WASHINGTON: US Scientists have developed a way to targeted brain cancer cells using inorganic titanium dioxide nanoparticles bonded to soft biological material, the the US Department of Energy's Argonne National Laboratory said Wednesday.
Thousands of people die from malignanat brain tumors every year, and the tumors are resistant to conventional therapies. This nano-bio technology may eventually provide an alternative form of therapy that targets only cancer cells and does not affect normal living tissue.
"It is a real example of how nano and biological interfacing can be used for biomedical application," said scientist Elena Rozhkova with Argonne's Center for Nanoscale Materials. "We chose brain cancer because of its difficulty in treatment and its unique receptors."
"The significance of this work lies in our ability to effectively target nanoparticles to specific cell surface receptors expressed on brain cancer cells," said Dr. Maciej S. Lesniak, Director of Neurosurgical Oncology at University of Chicago Brain Tumor Center.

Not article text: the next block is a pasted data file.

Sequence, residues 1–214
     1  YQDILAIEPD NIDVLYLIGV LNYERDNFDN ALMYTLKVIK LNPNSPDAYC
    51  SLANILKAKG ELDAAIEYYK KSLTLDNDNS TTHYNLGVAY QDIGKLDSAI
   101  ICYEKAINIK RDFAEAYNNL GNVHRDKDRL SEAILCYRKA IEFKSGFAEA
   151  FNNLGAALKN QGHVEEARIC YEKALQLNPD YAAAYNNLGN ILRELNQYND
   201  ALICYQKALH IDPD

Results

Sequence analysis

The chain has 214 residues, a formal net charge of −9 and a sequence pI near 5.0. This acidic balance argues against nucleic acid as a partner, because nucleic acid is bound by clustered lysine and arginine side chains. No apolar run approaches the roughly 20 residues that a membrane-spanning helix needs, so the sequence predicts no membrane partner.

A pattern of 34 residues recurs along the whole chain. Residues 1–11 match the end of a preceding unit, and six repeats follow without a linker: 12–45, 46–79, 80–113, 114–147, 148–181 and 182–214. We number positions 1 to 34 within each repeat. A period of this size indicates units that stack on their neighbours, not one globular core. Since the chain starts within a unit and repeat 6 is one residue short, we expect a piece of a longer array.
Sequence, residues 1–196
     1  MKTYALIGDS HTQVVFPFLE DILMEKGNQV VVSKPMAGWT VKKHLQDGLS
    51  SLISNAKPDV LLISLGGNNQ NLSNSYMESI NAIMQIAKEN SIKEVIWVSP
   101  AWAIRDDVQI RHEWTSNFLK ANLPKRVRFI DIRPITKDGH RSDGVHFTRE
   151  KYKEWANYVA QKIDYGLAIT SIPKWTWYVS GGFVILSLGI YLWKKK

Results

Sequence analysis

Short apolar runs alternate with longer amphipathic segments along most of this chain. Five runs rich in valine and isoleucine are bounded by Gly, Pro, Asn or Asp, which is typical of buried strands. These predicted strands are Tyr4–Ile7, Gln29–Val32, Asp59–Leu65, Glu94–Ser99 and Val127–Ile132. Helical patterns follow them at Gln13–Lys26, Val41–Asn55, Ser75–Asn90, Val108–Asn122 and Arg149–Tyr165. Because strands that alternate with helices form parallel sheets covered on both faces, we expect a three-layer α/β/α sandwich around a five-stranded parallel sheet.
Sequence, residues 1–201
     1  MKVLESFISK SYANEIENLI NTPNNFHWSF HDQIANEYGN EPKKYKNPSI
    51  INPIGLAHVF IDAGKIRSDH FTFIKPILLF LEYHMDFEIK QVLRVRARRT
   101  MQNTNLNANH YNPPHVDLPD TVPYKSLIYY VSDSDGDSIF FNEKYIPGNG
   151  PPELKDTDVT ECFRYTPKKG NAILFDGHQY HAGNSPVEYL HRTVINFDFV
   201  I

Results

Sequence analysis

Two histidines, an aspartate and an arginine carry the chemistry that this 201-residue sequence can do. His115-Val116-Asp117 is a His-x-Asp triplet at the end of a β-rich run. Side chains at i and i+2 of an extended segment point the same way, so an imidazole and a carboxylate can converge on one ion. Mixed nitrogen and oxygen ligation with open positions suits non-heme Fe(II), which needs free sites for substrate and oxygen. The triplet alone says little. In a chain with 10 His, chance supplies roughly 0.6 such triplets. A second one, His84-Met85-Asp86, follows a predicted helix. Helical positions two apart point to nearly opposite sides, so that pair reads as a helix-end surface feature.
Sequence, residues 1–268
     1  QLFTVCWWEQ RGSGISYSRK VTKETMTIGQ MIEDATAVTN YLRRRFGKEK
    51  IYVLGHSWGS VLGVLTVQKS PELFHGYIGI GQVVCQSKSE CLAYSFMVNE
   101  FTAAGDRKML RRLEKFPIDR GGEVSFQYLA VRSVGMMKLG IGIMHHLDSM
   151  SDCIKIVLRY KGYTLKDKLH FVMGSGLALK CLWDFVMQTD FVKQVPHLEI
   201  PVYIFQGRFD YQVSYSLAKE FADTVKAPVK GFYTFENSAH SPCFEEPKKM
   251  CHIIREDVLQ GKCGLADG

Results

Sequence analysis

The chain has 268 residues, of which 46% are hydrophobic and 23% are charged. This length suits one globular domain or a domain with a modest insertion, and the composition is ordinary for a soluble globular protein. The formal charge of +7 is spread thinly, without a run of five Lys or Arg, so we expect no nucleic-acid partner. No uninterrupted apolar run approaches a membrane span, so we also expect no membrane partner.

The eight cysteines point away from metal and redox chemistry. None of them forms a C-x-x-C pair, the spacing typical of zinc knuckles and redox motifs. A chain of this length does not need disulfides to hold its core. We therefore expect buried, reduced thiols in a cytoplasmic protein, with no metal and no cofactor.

He said, "In so doing, we have overcome a major limitation involving the application of nanoparticles in medicine. We are now in a position to develop this exciting technology in preclinical models of brain tumors, with the hope of one day employing this new technology in patients."
X-ray fluorescence microscopy done at Argonne's Advanced Photon Source also showed that the tumors' invadopodia, actin-rich micron scale protrusions that allow the cancer to invade surrounding healthy cells, can be also attacked by the titanium dioxide.
So far, tests have been done only on cells in a laboratory setting. Results show an almost 100 percent cancer cell toxicity rate after six hours of illumination, and 80 percent after 48 hours.
Also, since the antibody only targets the cancer cells, surrounding healthy cells are not affected, unlike other cancer treatments such as chemotherapy and radiotherapy.
Rozhkova said, a proof of concept is demonstrated, and other cancers can be treated as well using different targeting molecules, but research is in the early stages.